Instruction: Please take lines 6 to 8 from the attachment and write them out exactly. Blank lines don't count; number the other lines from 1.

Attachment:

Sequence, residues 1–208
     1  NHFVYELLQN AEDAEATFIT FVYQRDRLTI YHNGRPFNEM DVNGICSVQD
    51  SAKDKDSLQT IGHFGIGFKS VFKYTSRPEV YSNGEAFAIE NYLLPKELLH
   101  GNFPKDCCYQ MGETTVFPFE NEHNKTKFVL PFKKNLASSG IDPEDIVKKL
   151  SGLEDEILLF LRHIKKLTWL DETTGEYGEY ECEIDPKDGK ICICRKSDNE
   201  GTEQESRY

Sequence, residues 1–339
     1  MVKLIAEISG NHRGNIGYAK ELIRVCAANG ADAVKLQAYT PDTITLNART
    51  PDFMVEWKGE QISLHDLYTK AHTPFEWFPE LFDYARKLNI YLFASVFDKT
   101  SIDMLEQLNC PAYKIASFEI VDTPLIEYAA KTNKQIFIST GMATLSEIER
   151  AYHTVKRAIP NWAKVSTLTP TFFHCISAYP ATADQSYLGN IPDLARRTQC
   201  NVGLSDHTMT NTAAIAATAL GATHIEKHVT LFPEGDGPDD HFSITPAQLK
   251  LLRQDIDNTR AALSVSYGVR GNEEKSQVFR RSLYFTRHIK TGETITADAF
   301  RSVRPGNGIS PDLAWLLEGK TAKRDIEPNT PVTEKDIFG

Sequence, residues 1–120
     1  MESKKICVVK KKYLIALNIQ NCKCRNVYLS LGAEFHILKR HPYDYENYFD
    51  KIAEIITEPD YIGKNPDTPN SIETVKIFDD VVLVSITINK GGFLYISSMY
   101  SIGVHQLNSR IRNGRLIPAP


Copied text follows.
   201  GTEQESRY

Sequence, residues 1–339
     1  MVKLIAEISG NHRGNIGYAK ELIRVCAANG ADAVKLQAYT PDTITLNART